The city of Milton has 450 listings on the market. The average price for all property types in Milton is $1,133,154
Milton is a small, rapidly growing town in Southern Ontario and is part of the Halton Region in the GTA. It is situated 40 km (25 mi) west of Downtown Toronto on Highway 401, and is the western final stop for the Milton line commuter train and GO Transit bus corridor. Milton is on the border of the Niagara Escarpment, a UNESCO world biosphere reserve and the Bruce Trail. The neighbourhood also features one of the highest household incomes in the GTA.
Real estate in Milton features properties in a picturesque town situated at the base of the regal Niagara Escarpment. This mostly rural town features an abundance of conservation lands as well as a vast countryside, sprinkled with historic hamlets, prestigious horse farms, as well as beautiful golf courses.
This community attracts many visitors to it’s’ conservation areas and museums. Others come by to shop in Milton’s’ amazing antique stores, to play on its golf courses, or to frequent one of its many countryside pick-your-own farms.
Milton’s major population area is situated south of Highway 401, where the downtown heritage district is located. There are many new home subdivisions east of downtown. Although this neighbourhood is still a largely rural municipality, its urban centre is rapidly expanding. There have been many new developments built to accommodate the influx of new residents choosing to make their home in Milton.
Homes for sale in Milton could include some from their wonderful collection of mid to late 1800s Victorian properties. This neighbourhood is fortunate enough to have many magnificent examples of Edwardian style residences from the early 1900s, which include rocking-chair front porches. On the edge of the downtown, those interested in purchasing real estate in Milton could find a broad selection of detached houses in all shapes and sizes which were built anywhere from the 1920s to the 1960s.
Campbellville Village, situated just south of Highway 401 at Guelph Line, features a fair amount of historical properties and enclaves of new home subdivisions. Further north in the town of Brookville, there are gated country manor homes and large estate home subdivisions that sit on two acre lots as Milton has a rising number of new home subdivisions.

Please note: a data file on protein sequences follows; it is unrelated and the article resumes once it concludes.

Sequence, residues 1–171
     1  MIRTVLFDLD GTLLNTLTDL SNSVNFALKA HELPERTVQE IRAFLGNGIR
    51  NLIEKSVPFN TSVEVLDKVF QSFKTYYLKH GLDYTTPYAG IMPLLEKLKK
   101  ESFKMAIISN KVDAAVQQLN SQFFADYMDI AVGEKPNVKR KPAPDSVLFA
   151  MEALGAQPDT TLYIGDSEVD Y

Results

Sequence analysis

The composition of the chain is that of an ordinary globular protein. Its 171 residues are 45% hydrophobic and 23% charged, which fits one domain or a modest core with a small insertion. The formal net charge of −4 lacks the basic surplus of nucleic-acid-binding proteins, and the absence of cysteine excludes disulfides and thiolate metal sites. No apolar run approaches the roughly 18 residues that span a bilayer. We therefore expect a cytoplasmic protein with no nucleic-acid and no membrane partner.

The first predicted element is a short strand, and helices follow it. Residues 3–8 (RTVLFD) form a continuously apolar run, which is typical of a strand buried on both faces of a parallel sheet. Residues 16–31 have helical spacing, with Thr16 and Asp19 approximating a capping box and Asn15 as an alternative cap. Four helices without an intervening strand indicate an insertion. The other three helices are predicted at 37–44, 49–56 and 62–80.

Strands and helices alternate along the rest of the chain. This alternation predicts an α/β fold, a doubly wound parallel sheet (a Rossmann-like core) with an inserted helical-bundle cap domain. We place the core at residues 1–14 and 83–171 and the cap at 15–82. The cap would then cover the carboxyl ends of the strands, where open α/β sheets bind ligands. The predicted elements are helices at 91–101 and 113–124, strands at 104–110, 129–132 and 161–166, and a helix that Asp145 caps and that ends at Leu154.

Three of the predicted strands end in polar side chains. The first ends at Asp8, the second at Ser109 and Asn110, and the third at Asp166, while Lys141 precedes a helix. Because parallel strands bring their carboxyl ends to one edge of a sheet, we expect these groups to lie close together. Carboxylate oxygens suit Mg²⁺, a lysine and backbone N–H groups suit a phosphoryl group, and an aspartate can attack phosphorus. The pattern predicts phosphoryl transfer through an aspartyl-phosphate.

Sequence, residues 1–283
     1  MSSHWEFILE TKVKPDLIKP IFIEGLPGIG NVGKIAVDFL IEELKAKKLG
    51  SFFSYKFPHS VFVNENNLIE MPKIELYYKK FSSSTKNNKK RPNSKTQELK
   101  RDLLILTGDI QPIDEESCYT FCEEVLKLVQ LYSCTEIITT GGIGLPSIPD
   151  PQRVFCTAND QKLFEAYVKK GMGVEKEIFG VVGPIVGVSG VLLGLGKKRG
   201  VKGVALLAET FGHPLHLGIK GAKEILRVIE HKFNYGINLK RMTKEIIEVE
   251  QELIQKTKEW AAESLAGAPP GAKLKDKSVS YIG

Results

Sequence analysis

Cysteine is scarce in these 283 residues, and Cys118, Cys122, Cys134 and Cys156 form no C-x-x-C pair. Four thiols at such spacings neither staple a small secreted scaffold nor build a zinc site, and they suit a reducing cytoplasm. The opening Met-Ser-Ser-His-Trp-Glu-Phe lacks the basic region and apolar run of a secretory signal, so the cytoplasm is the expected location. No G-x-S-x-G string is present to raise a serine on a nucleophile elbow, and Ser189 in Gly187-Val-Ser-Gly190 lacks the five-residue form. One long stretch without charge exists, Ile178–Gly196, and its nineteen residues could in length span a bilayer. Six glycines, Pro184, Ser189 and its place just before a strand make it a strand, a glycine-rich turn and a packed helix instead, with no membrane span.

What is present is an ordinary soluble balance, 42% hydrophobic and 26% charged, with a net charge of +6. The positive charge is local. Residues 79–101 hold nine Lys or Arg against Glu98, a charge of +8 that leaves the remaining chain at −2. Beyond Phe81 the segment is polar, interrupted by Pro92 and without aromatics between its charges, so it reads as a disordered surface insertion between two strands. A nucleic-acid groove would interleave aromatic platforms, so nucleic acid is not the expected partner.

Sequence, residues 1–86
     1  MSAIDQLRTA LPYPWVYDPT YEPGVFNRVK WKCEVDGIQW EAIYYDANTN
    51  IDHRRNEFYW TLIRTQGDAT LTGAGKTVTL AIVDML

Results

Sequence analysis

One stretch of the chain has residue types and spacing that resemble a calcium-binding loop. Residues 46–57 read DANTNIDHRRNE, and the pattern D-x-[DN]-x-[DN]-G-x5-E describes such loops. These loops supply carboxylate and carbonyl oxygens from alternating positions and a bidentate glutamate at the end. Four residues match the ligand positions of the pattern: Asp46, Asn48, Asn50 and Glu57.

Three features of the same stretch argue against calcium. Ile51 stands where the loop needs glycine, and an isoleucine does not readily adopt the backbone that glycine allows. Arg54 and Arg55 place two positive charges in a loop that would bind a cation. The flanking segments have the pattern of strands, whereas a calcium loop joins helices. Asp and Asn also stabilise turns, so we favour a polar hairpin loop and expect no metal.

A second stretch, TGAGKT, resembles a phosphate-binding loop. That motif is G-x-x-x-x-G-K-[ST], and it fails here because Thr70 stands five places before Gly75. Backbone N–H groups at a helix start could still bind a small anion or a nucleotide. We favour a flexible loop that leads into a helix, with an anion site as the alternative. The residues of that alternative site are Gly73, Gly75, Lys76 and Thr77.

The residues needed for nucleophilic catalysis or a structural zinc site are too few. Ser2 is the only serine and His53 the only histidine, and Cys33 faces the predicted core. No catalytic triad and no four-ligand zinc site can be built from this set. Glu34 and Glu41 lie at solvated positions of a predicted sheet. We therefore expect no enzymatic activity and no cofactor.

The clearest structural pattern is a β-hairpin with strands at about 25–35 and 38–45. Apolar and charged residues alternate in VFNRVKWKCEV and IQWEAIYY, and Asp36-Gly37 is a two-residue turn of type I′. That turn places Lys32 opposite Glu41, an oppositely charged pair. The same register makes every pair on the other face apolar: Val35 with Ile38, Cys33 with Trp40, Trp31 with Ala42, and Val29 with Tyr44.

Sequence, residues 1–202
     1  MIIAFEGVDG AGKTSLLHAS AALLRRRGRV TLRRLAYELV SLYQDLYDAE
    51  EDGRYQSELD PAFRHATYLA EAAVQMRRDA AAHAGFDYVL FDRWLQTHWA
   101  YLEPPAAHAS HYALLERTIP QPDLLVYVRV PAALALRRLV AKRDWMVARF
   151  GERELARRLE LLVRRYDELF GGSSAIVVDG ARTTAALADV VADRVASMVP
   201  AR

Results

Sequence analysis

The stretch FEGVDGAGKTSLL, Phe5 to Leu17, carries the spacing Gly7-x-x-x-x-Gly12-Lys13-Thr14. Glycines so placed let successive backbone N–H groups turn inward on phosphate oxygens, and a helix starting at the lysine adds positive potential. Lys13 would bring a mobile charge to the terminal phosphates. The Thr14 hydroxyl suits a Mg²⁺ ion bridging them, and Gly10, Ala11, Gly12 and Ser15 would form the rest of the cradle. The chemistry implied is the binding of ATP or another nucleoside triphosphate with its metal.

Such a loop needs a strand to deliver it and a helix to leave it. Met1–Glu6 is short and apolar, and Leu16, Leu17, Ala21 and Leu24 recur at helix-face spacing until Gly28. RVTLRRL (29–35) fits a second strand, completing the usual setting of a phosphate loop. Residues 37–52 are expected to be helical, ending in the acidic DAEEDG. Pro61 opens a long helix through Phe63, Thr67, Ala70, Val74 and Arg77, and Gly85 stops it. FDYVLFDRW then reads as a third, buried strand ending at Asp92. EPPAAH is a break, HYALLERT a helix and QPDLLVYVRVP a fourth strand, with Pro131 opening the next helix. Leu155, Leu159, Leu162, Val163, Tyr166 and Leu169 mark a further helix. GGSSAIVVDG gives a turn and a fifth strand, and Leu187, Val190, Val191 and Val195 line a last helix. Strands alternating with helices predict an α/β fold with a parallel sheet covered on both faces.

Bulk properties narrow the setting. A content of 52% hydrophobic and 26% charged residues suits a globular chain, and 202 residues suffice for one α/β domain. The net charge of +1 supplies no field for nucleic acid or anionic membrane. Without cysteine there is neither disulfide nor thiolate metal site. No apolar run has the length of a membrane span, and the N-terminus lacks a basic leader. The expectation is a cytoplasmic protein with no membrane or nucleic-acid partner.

These developments are can be found mostly along Derry Road between 3rd line and 5th line. There is a broad mix of detached and semi-detached houses in addition to townhomes where wider lots are the norm.
Milton’s first settler’s came from England in 1821, they were Jasper and Sarah Martin who immigrated to Canada, with their children. The Martin’s started a grist mill at 16 Mile Creek, which became the focus of this farming hamlet. This settlement was known as “Martin’s Mill,” yet the name was changed to Milton when the local post office was opened in 1836.
Martin’s grist mill sat on what is now Centennial Park, overlooking the mill pond. The Millennium Gazebo located in Centennial Park, offers a connection from Milton’s past to its future. Milton was chosen to be the seat of government in 1853, for the newly formed County of Halton.
MLS listings might mention the transit options available to local residents. Milton Transit operates a local dial-a-bus service, located south of Highway 401, from Bronte Road to Thompson Road. This bus service only runs on weekdays.
The Milton Go Station situated at Main Street and Thompson Road offers both bus and train service. The train ride to Mississauga takes about 30 minutes, while the train ride to Toronto’s Union Station takes about one hour.
Milton has four interchanges off Highway 401, which offer convenient access to the east and west of town. Lester B. Pearson International Airport is about a 20 minute ride east along this highway. Highway 25 provides easy access to the Queen Elizabeth Way (QEW) which takes motorists to downtown Toronto. This commute takes about one hour.
Real estate in Milton is situated near some extraordinary shopping districts. Its Main Street shopping corridor can trace its start all the way back to 1843. The Victorian buildings that dot Main Street are filled with home decor and furniture shops as well as gift shops, clothing stores, restaurants and professional offices.
Main Street hosts the Milton Farmers Market every Saturday from May to October, and offers “picked fresh this morning” produce for sale. There are numerous car dealerships, strip malls, and fast food franchises east of downtown Main Street. The Milton Mall (55 Ontario Street South) is flanked by a department store and features more than 40 shops and services.
Entertainment attractions are surrounding Milton real estate. There are many conservation parks situated at the foot of the Niagara Escarpment that offer some of the finest mountain biking, hiking, rock climbing, and skiing in Ontario.
Milton also has quite a few elite equestrian centres, public and private golf courses, as well as three full-service campgrounds nestled in the Niagara Escarpment. Fitness buffs can enjoy the ultra-contemporary, Milton Leisure Centre (1700 Main Street East). This multi-purpose facility features a 25M competition pool, a leisure pool, a regulation size gymnasium as well as a fitness and cycle studio, weight training, a fitness room, and meeting rooms. Milton also has a brand new eight court tennis facility in addition to two ice arenas.